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I was trying to get a deeper insight into quantifiers. So, as far as I understand, $\forall x : P(x) \rightarrow \exists x : P(x)$, which is a common sense: whenever something is true for all elements of some set, it as well holds for some elements of the same set.

Then I get to the following:

Since empty set contains no elements, $\exists x \in \{\}: P(x)$ is always false regardless of what $P(x)$ states.

But by the definition of the universal quantifier, $\forall x : P(x) \equiv \lnot \exists x : \lnot P(x)$, any universal statement about the empty set statement must be true.


Now two questions:

1) I can state that $\exists x \in \{\}: P(x)$, which is false by definition. Than I go crazy and try to restate myself to a $\exists x \in \{\}: \lnot P(x)$, which is also false. Now I got into trouble: both $P(x)$ and $\lnot P(x)$ are false and, as a consequence, both $\forall x \in \{\}: P(x)$ and $\forall x \in \{\}: \lnot P(x)$ are true.

2) But according to the implication I mentioned at the very top, $\forall x \in \{\}: P(x) \rightarrow \exists x \in \{\}: P(x)$ and $\forall x \in \{\}: \lnot P(x) \rightarrow \exists x \in \{\}: \lnot P(x)$.

I am not mathematician and thus probably missing something important. Can someone enlighten me?

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  • $\begingroup$ $\forall x.Px \to \exists x.Px$ isn't true in an empty domain. You said "whenever something is true for all elements of some set, it as well holds for some elements of the same set"...unless there is nothing for that "some" to refer to. $\endgroup$
    – DanielV
    Apr 18 '18 at 19:27
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    $\begingroup$ You can't infer that $P(x)$ and $\neg P(x)$ are both false from their existential quantification being false, is where you go awry. And the $\forall\to\exists$ implication only holds in non-empty domains. Logicians just don't usually care about empty domains. $\endgroup$ Apr 18 '18 at 19:33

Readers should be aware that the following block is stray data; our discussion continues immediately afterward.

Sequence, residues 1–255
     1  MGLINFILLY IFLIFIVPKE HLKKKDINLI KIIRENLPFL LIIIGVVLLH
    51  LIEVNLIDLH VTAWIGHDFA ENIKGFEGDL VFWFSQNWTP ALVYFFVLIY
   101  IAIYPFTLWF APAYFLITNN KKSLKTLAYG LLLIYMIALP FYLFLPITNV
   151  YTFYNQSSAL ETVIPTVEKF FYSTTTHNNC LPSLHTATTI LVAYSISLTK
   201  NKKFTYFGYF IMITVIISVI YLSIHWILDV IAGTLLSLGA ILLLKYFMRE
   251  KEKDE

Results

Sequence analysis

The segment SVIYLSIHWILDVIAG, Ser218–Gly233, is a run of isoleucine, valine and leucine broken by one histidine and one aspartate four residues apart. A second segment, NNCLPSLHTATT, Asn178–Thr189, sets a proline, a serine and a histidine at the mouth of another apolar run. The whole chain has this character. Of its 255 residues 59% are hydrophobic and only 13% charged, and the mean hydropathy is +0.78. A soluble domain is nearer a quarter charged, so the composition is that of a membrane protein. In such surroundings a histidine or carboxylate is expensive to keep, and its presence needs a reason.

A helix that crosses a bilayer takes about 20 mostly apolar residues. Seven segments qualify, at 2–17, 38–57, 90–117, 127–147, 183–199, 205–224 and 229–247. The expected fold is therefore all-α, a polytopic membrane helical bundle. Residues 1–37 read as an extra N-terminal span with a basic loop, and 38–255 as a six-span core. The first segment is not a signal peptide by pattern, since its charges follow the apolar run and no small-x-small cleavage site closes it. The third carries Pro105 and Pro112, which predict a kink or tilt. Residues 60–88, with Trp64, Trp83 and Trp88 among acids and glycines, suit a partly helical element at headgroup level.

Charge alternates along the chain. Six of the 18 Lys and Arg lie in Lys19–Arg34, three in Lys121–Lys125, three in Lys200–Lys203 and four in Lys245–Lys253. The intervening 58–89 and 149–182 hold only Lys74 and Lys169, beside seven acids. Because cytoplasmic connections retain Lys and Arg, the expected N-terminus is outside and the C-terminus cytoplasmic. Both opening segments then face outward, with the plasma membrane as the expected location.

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The implication you mentioned at the very top is not true in general: to go from a "$\forall$" to an "$\exists$," we need exactly that the domain be nonempty.


Now, there is a subtlety here which can crop up down the road. In first-order logic, we (usually) restrict attention to nonempty structures (= universes of discourse). However, definable subsets may still be empty. E.g. maybe our domain of discourse is "animals," which is a nonempty set, but we happen to be talking about the subset of "fish larger than the moon," which is empty.

So we have the following obnoxious situation in "first-order logic without empty structures":

"$\forall x(\varphi(x))$" does imply "$\exists x (\varphi(x))$," but "$\forall x\in P(\varphi(x))$" does not imply "$\exists x\in P(\varphi(x))$."

This can be made less mysterious by remembering that "$\forall x\in P(\varphi(x))$" and "$\exists x\in P(\varphi(x))$" are shorthand for "$\forall x(x\in P\implies\varphi(x))$" and "$\exists x(x\in P\wedge\varphi(x))$" respectively. Note the difference between "$\implies$" and "$\wedge$," there: we don't have an exact parallel.

This is an unfortunate context of ruling out the empty structure in first-order logic. There are also arguments in favor of ruling out the empty structure; ultimately, you just have to be careful to keep track of which convention you're using and how that affects the meaning of the statements you're looking at.

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  • $\begingroup$ Makes sense to me, however I still kind of confused with question #1: by stating $\exists x \in \{\}: P(x)$ and right after $\exists x \in \{\}: \lnot P(x)$ I get both $\forall x \in \{\}: P(x) \land \lnot P(x)$... is it also a regretful "side-effect" of the empty set? $\endgroup$
    – Zazeil